Case Report

32 years old male patient reported with right kidney mass and loin pain. The patient was a non-smoker and had no history of exposure to any chemicals. Right radical nephrectomy was performed. Right renal vein showed a thrombus. The gross of the kidney showed weight 320 g and measuring 15 × 12 × 10 cms with a fungating grey white tumor measuring 10 × 9 × 6 cms in the lower pole involving medulla and pelvis and renal capsule, perinephric fat and gerotas fascia (Figure 1).

medical-clinical-reviews-Gross-image-fungating-grey-white-tumor

Figure 1: Gross image of the fungating grey white tumor measuring 10 × 9 × 6 cms in the lower pole of kidney.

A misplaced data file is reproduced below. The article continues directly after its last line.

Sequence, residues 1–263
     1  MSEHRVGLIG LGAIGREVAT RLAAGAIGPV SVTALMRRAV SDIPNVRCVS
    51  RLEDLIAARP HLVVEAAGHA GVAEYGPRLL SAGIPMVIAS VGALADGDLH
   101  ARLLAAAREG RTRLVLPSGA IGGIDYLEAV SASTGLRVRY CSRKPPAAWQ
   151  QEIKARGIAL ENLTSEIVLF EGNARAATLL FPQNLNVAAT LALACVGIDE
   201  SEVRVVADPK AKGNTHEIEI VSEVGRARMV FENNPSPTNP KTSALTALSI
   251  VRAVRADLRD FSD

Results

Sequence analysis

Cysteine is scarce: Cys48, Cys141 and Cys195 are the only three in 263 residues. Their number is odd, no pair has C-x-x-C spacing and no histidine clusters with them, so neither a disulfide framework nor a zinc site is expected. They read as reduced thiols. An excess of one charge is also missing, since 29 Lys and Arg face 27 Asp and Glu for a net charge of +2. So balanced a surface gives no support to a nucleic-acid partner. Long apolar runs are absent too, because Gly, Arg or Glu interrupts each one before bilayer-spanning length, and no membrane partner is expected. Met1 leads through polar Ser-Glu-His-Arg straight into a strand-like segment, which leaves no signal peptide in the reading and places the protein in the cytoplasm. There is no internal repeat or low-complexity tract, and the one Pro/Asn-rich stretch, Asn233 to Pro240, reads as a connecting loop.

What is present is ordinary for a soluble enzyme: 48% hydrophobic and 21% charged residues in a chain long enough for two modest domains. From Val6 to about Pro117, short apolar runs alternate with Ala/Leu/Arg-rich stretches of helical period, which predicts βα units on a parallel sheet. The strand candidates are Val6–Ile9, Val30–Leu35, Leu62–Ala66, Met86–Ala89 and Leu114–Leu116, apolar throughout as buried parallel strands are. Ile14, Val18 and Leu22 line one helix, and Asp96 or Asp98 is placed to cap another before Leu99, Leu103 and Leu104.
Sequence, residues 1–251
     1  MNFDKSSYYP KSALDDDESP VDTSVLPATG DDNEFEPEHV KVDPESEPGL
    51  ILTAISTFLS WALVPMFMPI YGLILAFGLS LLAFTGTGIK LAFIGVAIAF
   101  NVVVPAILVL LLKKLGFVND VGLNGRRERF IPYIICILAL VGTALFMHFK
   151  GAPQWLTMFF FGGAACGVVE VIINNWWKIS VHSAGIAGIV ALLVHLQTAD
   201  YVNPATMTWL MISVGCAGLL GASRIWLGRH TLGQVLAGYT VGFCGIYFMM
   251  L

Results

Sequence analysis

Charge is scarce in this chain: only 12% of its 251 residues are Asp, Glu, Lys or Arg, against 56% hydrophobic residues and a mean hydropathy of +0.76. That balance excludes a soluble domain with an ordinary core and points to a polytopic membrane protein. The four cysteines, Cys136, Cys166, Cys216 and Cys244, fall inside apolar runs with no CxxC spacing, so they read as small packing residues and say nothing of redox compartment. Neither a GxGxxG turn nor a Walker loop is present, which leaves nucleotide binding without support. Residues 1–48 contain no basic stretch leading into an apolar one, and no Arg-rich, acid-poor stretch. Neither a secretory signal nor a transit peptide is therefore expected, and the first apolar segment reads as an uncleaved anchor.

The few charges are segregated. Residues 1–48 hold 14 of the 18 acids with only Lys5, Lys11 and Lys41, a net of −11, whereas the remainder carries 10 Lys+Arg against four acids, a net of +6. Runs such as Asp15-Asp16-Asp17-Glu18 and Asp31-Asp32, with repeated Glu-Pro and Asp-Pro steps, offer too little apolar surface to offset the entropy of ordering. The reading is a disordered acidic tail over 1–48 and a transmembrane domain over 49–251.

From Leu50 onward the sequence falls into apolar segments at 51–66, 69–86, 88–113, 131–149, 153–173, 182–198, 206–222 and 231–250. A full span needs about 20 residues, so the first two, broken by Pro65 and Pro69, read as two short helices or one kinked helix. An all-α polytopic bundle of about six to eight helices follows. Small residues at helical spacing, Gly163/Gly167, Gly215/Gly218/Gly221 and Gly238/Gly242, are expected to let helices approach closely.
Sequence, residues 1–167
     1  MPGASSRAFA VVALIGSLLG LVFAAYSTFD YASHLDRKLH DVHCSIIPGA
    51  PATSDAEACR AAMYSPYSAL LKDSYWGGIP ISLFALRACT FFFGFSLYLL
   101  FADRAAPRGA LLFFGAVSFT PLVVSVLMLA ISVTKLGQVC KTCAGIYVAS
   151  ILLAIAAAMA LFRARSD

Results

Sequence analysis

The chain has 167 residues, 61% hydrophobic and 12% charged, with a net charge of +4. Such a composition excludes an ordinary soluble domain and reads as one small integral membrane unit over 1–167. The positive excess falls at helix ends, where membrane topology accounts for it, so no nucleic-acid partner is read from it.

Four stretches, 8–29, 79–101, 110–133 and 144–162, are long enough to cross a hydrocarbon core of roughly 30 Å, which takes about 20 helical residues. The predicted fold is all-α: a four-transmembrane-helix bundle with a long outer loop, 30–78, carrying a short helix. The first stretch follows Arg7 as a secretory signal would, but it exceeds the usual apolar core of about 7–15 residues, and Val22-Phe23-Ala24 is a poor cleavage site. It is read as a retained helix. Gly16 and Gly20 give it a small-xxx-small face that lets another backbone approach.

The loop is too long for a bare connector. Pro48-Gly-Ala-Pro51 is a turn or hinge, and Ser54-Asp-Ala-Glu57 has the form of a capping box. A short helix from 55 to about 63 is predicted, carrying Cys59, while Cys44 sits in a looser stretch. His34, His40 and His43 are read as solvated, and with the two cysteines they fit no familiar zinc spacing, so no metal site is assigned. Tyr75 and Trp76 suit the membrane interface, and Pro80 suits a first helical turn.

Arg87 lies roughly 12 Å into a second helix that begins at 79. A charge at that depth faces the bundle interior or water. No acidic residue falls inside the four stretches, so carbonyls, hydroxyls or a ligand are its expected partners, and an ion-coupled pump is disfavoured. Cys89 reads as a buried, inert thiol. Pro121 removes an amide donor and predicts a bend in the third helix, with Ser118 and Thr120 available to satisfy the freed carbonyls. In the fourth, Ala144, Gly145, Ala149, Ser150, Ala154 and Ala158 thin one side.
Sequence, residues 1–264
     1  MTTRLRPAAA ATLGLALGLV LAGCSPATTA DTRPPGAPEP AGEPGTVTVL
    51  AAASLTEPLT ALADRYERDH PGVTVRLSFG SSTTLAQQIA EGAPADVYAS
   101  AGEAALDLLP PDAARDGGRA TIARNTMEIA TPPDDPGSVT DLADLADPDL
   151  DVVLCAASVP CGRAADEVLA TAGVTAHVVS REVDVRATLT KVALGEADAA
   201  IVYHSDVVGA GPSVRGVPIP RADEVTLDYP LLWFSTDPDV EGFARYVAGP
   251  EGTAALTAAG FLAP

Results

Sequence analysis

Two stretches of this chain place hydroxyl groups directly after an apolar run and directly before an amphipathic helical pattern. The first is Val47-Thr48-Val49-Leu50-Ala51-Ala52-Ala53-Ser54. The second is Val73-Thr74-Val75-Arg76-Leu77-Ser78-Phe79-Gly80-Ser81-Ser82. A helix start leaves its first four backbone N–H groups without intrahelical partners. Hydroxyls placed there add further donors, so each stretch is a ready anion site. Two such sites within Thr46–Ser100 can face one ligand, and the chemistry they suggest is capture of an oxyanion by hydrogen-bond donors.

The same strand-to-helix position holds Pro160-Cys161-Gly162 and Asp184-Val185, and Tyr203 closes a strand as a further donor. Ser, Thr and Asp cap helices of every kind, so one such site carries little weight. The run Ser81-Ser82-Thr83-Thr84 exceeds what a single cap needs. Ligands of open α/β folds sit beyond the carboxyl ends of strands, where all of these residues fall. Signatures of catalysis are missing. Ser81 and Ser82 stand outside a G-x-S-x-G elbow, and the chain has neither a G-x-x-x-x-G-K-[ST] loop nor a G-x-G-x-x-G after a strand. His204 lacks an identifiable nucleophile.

Microscopy showed a monotonous tumor composed of only spindle-shaped tumor cells. There was prominent mitotic activity and a microscopic renal vein vascular invasion (Figure 2).

medical-clinical-reviews-Spindle-tumor-cells-fascicles-with-brisk-mitosis

Figure 2: Spindle tumor cells in fascicles with brisk mitosis in monophasic synovial sarcoma.

Immunohistochemical analysis demonstrated positivity for Bcl-2, CD99, transducin-like enhancer of split 1 (TLE1) and vimentin (Figure 3). The other markers such as CK, S100, HMB45, SMA, actin, CD34, desmin, CK22 and CK19 was negative. There was no epithelial component and because of characteristic immunohistochemistry it was called as monophasic SCS. Diagnosis confirmed by SYT gene rearrangement by FISH. The patient was kept under regular follow up.

medical-clinical-reviews-TEL1-positive-spindle-tumor-cells

Figure 3: Photograph showing TEL1 positive spindle tumor cells.

Discussion